Obviously (if you've read this far) it all culminates in Dana's death and her being shipped off to Sugarloaf for years of torture, which I think we all saw coming after she shot Weiland Sr. At this point, the questions I'm asking are where Gaines is, and how he and the Braggs fit into things. Also, this Sarat seems closer to the one the narrator describes meeting. Whatever the case, I'm still enjoying this immensely, and my investment in Sarat has been pretty perfectly coaxed on by El Akkad.
I mean, first things first, narrator question's been answered. I wasn't entirely expecting that, but I'll admit, I really liked it. Peace time, and the comparative happiness that Simon (who was his sister's polar opposite to start with) has found is the perfect setting for Sarat when she comes out of Sugarloaf. It drives home exactly what her life, and her time in the camp, has done to her. The war she was fighting - the one she believed in to her core, the one that cost her parents, siblings and a life - is practically over and done, and they've lost. Her entire world is basically crushed in that moment.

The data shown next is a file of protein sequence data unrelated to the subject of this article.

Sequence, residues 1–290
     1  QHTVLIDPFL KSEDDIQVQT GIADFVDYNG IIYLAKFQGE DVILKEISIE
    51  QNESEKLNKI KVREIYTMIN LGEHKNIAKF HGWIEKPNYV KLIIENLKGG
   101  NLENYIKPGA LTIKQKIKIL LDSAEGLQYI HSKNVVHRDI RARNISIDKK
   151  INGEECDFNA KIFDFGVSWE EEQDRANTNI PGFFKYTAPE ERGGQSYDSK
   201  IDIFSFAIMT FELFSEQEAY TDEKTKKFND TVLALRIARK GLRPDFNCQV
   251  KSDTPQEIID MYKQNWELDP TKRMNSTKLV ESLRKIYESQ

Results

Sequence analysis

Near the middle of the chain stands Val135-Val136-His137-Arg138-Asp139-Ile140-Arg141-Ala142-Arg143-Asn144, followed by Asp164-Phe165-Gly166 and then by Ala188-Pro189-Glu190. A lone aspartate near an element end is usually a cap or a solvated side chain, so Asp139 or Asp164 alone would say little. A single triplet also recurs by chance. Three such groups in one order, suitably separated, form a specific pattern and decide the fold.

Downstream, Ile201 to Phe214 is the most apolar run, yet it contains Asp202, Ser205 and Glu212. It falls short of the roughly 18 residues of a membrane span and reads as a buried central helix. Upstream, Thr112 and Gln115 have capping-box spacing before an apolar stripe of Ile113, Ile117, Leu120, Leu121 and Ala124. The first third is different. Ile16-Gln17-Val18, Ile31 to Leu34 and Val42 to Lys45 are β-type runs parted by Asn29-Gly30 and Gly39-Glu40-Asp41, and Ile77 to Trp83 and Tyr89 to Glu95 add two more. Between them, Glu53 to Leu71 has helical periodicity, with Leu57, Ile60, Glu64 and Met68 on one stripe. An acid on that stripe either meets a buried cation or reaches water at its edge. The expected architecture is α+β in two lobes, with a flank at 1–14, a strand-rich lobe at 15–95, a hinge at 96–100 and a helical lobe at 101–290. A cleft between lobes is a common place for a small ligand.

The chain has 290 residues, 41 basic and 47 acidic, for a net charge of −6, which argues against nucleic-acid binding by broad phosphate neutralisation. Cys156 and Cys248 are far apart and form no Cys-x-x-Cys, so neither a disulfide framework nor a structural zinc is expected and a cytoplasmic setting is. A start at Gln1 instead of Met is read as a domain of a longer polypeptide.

All of that is why her relationship with Benjamin is such a joy to read. I loved the potential for healing there; not redemption, per se, but a chance to be someone else. I loved that, out of everyone, it's her father's namesake she connected with most. And I love that, through her nephew, some of those rough edges start to smooth out. I think that's what makes her eventual choice all the more crushing in the end.
And that ending. Oh man.
I don't know entirely how to articulate my feelings on how American War closed. I didn't like it - I wanted her to find something better, to counter the endless pile of shit that she'd dealt with her entire life. I wanted her to choose differently. To let go of all that hate. And I think that's the point - I don't think you're supposed to come away satisfied. I think, as readers, our feelings are supposed to echo Benjamin's; that, in the end, she chose wrong, even if it was the only choice she had it in her to make.
Great book. Well written. Excellently crafted - particularly seeding it with documents and articles that pulled the whole thing together in the end.